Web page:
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In the epistle to the Ephesians (chapter iv.) the apostle speaks of two unities – “a unity of the Spirit,” and a “unity of the faith and of the knowledge of the Son of God.” The latter pointing onwards to the time of the glory, when all shall come to the measure of the stature of the fulness of Christ; when the one Body, and the one Head, shall be manifested in the one Christ. Till then it is the “oneness of the Spirit” that we are called to keep – a oneness we have not to make, but to keep – a oneness that, just in proportion as it is kept, will grow up into a manifested oneness. But this can never be produced by any action from without; it must be grown up into from within, by the hidden power of the Spirit of Life; a life the exhibition of which is Love; for “God is Love; and he that dwelleth in love dwelleth in God, and God in him.” This life, this love, when implanted, grows up sponta- neously into a development which accords with its internal organization, as appointed by God, and not after any rule laid down by man. We hear much about the unity of the body as something to be kept; but what we are called upon to keep is the inner, deeper, unity of the Spirit in the bond of peace, which, in proportion as it is kept and maintained, will grow up into an exhibition, even now more or less perfect, of that outward similitude which God shall exhibit hereafter, when He reveals in the Church the glory of Immanuel. Failing to see this, men have been led, from the apostles’ days downward, to seek a development of the Christian Church after some particular form or other; regarding it as an external unity to be effected by them, thereby going back, in fact, to the externalism and ritualism of a past dispensation. Spiritual unity is a deep reality, and if the enquiries and aspirations of the saints of God had been directed towards its maintenance, instead of towards the enforcement of an outward unity, there [5] would have been no place for aught but those precious fruits of the Spirit, love, mercy, and truth, which would have redounded to the glory of God, wherein all saints would have been growing up into Him in all things, who is the Head, even Christ. After speaking of this unity of the Spirit which the Church of God is responsible for keeping, the apostle brings before us the sevenfold unity which is kept and maintained by God Himself. Into this we have been brought by virtue of our union in Christ, and in the power of it we are called now to walk; and for the measure in which we have not so walked, we shall have to answer, when we all “stand before the judgment-seat of Christ.” This unity is described by St. Paul as follows: “There is one body, and one Spirit, even as ye are called in one hope of your calling; one Lord, one faith, one baptism; one God and Father of all, who is above all, and through all, and in you all.” (Eph. iv. 4–6.) This is the great central truth, around which all our Church associations are to gather, and from which all our individual life and activities must proceed; for, continues the apostle, “Unto every one of us is given grace according to the measure of the gift of Christ;” wherein worketh that one Spirit, towards “the perfecting of the saints, for the work of the minis- try, for the edifying of the body of Christ.” The body is nothing less than the whole Church, the perfect bride of Christ; for which the Saviour prayed (John xvii.), that the members of it might be one, and partakers of His glory. Opposed to this divine principle of Church unity, that finds its resting-place in heaven, its centre in Jesus, and its life in the indwelling Spirit, is Satan’s counterfeit that seeks an earthly external oneness, guarded by articles and creeds, and man’s devices, thereby to manifest a union in uniformity and not in life. This principle we see in Romanism; but there is more Romanism than that which is connected with Rome, and there are more popes than he who occupies the chair of St. Peter; and there may be bonds designed to maintain fellowship only the more enslaving because the less defined. Besides the “great mystery” touching the oneness of the Church in heaven, of which the apostle speaks in Ephesians, there is “the mystery of the seven candlesticks,” spoken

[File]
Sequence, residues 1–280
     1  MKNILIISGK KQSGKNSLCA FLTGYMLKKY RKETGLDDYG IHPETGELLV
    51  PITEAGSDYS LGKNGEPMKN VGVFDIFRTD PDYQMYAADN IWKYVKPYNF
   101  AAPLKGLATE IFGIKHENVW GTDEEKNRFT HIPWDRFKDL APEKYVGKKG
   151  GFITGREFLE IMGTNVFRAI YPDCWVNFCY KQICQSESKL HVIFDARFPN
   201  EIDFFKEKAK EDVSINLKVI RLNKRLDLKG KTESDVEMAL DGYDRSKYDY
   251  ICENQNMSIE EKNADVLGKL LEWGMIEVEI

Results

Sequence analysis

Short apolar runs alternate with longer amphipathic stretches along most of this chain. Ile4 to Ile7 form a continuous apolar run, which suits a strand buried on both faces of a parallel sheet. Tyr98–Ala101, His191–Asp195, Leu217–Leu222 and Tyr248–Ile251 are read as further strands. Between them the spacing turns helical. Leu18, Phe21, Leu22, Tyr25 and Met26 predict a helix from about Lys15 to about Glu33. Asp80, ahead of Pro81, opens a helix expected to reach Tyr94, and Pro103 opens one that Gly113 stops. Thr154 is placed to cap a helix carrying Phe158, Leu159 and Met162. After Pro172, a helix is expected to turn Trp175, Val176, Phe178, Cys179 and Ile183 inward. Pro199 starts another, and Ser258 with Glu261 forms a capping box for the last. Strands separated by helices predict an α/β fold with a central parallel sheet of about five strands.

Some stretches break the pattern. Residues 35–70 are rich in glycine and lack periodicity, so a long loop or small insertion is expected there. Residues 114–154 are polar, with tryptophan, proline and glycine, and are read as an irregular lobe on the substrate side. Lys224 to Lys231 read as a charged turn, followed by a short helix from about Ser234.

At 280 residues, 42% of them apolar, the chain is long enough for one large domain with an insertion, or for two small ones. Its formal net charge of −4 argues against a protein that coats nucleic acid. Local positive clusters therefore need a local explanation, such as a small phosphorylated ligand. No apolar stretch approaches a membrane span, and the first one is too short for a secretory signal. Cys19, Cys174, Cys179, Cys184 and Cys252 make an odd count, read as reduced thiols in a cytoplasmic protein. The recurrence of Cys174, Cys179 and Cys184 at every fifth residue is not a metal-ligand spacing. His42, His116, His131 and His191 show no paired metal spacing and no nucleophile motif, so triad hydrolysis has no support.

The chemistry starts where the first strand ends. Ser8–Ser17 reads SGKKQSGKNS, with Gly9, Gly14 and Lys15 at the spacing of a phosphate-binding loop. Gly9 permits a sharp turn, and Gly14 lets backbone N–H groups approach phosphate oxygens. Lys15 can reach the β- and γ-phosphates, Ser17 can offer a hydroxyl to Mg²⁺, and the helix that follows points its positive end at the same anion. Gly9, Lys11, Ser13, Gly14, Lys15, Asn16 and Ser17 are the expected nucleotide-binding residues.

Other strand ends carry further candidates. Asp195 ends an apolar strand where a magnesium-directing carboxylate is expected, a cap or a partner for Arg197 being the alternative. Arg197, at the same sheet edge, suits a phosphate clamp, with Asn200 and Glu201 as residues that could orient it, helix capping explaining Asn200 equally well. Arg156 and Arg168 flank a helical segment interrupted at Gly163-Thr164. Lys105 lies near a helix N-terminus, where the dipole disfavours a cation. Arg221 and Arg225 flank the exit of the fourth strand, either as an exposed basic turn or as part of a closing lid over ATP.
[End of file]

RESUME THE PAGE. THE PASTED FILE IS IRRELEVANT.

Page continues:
ORIGINAL PRINCIPLES.